Antivirus Protection & Internet Security Software
11 Aug 2011Virus News
After analyzing vast numbers of IT threats during the second quarter of 2011, Kaspersky Lab’s experts identified a number of important trends.
Navigating the web remains the riskiest activity on the Internet with malicious URLs that serve exploit kits, bots, ransomware Trojans, etc. being the most frequently detected objects (65.44%) online. Interestingly, 87% of the websites used to spread malicious programs were concentrated in just 10 countries. The first two places in this particular “top 10” were occupied by the US (28.53%) and Russia (15.99%). The Netherlands leads the way in reducing the number of malicious hosting sites: compared to the previous quarter, its share has fallen by 4.3 percentage points to 7.57%. This is down primarily to the efforts of the Dutch police and includes the neutralizing of botnets such as Bredolab and Rustock.
Online threats. Kaspersky Lab experts have divided countries into groups according to their local infection levels:
Local threats. India was among the top 10 countries in which users’ computers ran the highest risk of local infection. Every second computer in the country was at risk of local infection at least once in the past three months. “Over the last few years, India has been growing steadily more attractive to cybercriminals as the number of computers in the country increases steadily. Other factors that attract the cybercriminals include a low overall level of computer literacy and the prevalence of pirated software that is never updated,” explains Yury Namestnikov, Senior Virus Analyst at Kaspersky Lab. “Botnet controllers see India as a place with millions of unprotected and unpatched computers which can remain active on zombie networks for extended periods of time.”
The five safest countries in terms of the level of local infections are: Japan (with 8.2% of unique users affected), Germany (9.4%), Denmark (9.7%), Luxembourg (10%) and Switzerland (10.3%).
Vulnerability monopoly. For the very first time in its history, the Top 10 rating of vulnerabilities includes products from just two companies: Adobe and Oracle (Java), with seven of those 10 vulnerabilities being found in Adobe Flash Player alone. Microsoft products have disappeared from this ranking due to improvements in the automatic Windows update mechanism and the growing proportion of users who have Windows 7 installed on their PCs.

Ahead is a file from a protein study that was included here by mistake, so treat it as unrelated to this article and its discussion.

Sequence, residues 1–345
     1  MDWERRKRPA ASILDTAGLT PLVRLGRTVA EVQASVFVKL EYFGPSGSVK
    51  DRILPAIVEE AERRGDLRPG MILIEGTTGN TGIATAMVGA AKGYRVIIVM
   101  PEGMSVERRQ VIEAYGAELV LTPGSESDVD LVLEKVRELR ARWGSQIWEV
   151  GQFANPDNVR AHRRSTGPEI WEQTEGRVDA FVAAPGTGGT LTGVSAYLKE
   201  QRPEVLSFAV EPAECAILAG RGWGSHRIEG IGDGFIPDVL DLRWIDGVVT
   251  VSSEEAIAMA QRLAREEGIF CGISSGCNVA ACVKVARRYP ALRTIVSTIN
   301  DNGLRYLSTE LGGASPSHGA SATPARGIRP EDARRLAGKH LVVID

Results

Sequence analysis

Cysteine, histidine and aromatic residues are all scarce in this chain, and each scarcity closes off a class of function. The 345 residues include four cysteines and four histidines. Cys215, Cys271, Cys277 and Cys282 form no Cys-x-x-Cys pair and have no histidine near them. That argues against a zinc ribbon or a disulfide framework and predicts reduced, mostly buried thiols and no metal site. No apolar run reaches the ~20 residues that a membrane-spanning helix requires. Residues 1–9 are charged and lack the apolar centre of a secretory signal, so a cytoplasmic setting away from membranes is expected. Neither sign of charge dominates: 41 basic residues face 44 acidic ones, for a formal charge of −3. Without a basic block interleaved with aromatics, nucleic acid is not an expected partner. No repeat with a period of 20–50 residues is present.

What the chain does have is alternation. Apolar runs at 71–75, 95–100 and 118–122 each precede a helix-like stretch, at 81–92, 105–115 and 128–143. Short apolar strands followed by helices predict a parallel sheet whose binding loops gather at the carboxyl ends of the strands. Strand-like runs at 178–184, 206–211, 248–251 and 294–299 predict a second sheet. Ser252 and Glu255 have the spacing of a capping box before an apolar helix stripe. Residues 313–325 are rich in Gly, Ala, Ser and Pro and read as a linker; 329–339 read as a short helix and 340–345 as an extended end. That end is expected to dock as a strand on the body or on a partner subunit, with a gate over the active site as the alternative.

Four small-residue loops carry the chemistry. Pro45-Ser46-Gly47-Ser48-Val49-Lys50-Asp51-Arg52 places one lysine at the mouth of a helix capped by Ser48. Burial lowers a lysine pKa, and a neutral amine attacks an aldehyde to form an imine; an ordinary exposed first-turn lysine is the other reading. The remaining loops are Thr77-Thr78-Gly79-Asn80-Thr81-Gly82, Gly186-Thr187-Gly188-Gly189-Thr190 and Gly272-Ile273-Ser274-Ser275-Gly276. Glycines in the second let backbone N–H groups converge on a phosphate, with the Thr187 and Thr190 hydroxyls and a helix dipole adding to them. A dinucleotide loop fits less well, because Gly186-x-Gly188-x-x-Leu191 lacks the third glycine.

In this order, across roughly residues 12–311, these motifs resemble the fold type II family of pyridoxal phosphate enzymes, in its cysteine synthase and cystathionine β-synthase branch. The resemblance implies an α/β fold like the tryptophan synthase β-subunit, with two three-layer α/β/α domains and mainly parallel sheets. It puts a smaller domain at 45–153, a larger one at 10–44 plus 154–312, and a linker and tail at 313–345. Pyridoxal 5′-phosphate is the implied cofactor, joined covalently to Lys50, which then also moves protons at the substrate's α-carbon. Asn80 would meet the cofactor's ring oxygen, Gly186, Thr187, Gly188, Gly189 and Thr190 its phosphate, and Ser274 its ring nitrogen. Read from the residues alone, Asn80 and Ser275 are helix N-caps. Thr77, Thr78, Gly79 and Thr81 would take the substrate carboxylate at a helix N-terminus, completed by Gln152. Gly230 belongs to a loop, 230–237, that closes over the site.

Major incidents. The second quarter of 2011 was eventful in terms of the hacking of major companies with the list of victims including Sony, Honda, Fox News, Epsilon and Citibank. The evidence surrounding the hacking of Sony’s services indicates that the main objective of the hackers was not to earn a quick buck. Rather it was part of a wave of “hacktivism” — hacking or bringing down systems in protest against the actions of governments or large corporations — which is continuing to gain momentum. In the first quarter of this year a new group called LulzSec emerged, which over the course of 50 days succeeded in hacking a number of systems and publishing the personal information of tens of thousands of users.
During the second quarter of 2011, the number of fake antivirus programs detected globally by Kaspersky Lab began to increase: the number of users whose computers blocked attempts to install counterfeit software increased 300% in just three months.
According to Kaspersky Lab’s experts, the number of mobile threats targeting different mobile platforms continues to increase exponentially: detected threats running on J2ME doubled during Q2 2011, while the number of detections of malicious programs targeting Android nearly tripled. Once again malicious programs were detected in the official Android store Android Market.
The growing popularity of bitcoin, a special program that allows “money” to be generated on users’ computers, is a magnet to those who seek to acquire money by illegal means. Encrypted wallets containing money can be stored on users’ computers and access can be gained to these wallets by entering the right password. Malicious users typically steal the wallets first and then try to determine the passwords afterwards. A relatively simple Trojan was detected in Q2 that sent bitcoin wallets to malicious users when launched. This led the cybercriminals to come up with the novel idea of making unsuspecting users engage in bitcoin mining for them. In late June, Kaspersky Lab discovered a malicious program comprised of a legitimate bitcoin mining program (bcm) and controlled by a Trojan module. After the Trojan is launched, the infected computer begins to generate bitcoins for the malicious users.
For more information about IT security threats in the second quarter of 2011, please visit: www.securelist.com/en.
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